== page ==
Liz Kowalczyk writes in the Boston Globe today about a decision by Brigham and Women's Hospital to do face transplants. These are rare cases, indeed, and the Brigham has introduced very thoughtful criteria as to which patients would be eligible.
While there will be critics who will state that this kind of procedure is expensive and unnecessary, there is a humanitarian aspect to this that is compelling. In addition, I am guessing that much will be learned about the science of organ rejection as a result.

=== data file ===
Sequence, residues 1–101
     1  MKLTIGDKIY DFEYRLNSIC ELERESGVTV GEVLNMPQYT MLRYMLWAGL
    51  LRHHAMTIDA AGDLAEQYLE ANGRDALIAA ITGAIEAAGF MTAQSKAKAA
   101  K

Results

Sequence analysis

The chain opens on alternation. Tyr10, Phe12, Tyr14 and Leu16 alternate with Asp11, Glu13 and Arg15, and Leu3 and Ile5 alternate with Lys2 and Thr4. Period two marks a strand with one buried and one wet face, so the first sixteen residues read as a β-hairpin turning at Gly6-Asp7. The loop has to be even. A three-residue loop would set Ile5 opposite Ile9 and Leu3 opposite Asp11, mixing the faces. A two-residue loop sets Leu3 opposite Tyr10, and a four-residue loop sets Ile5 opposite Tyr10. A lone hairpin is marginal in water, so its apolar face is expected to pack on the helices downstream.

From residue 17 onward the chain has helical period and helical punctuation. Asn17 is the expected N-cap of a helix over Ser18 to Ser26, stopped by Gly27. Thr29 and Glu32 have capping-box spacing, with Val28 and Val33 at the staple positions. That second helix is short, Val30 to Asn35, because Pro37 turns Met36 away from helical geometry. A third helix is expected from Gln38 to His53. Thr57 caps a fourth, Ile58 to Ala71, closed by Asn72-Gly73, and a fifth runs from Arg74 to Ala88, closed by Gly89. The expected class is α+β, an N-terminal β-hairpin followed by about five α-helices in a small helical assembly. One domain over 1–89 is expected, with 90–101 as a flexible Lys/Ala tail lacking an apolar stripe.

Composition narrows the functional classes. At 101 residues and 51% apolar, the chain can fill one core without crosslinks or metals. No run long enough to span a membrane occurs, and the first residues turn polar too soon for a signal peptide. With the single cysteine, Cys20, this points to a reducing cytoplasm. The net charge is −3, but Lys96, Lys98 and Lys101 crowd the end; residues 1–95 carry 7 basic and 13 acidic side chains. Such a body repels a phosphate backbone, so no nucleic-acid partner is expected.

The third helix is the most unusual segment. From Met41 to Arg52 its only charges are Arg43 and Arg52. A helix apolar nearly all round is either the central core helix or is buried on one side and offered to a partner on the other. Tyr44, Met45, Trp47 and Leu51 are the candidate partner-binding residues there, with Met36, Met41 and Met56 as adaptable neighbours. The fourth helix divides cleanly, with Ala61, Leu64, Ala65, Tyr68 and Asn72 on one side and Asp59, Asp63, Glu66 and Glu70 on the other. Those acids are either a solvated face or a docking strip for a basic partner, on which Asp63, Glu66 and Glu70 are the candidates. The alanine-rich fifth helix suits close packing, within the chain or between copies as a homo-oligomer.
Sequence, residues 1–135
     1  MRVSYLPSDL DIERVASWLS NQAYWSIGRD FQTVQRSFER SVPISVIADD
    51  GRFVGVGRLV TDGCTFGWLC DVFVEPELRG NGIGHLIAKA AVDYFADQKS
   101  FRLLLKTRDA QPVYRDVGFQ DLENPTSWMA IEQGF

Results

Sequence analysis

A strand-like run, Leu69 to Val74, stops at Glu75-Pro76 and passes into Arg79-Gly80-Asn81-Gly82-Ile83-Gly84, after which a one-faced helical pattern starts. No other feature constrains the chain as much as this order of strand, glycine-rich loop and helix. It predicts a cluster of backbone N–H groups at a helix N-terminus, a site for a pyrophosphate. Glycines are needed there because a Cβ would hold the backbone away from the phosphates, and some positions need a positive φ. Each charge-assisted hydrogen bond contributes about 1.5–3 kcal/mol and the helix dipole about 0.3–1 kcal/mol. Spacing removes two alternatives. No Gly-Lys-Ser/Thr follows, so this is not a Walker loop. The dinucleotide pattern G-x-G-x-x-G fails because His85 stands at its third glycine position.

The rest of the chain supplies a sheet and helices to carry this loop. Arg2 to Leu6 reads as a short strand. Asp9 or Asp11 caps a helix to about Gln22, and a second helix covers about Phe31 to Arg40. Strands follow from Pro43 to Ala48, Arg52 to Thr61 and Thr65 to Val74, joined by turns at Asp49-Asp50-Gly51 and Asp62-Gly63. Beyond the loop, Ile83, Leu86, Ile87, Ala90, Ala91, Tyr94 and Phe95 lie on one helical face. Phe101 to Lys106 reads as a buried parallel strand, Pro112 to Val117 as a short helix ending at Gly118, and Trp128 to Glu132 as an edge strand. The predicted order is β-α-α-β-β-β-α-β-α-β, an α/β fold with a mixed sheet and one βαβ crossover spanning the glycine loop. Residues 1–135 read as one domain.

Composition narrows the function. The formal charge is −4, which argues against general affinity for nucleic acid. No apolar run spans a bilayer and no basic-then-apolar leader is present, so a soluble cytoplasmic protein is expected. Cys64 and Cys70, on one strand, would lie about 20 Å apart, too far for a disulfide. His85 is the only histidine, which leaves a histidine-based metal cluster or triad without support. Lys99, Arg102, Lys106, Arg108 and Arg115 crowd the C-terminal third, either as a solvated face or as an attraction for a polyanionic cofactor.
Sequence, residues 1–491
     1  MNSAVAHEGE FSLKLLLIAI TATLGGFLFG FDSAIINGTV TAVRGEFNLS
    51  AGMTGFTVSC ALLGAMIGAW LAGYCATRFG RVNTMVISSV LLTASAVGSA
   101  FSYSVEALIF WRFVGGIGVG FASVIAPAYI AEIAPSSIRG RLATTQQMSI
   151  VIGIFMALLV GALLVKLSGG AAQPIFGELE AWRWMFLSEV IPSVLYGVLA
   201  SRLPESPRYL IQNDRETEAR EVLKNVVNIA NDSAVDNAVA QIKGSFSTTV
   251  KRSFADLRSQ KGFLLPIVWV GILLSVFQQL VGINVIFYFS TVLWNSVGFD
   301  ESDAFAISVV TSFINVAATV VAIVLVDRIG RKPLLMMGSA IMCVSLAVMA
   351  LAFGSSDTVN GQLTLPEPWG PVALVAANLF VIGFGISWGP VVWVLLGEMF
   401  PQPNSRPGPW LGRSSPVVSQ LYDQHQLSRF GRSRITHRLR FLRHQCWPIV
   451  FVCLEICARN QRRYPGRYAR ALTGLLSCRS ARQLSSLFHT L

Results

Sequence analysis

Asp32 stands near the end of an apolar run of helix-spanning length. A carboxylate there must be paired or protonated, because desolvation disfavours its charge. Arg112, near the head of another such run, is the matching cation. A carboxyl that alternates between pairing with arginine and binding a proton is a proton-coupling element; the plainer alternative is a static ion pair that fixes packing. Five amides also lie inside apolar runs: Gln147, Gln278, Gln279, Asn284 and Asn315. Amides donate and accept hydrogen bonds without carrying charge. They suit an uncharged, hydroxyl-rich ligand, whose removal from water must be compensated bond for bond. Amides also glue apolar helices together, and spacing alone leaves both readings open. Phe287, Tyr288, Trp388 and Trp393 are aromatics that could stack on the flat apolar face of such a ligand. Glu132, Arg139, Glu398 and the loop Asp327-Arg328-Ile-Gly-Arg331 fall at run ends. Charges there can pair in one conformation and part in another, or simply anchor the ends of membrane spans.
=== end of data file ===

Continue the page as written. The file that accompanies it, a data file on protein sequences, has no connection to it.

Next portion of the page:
This may come as a surprise to regular readers of this blog, but I think this kind of development is fully consistent with the role of academic medical centers. We are expected to push the boundaries of medical science for humanitarian purposes. Congratulations to our neighbors for having the fortitude to take on a procedure that was bound to raise lots of moral, ethical, and financial questions.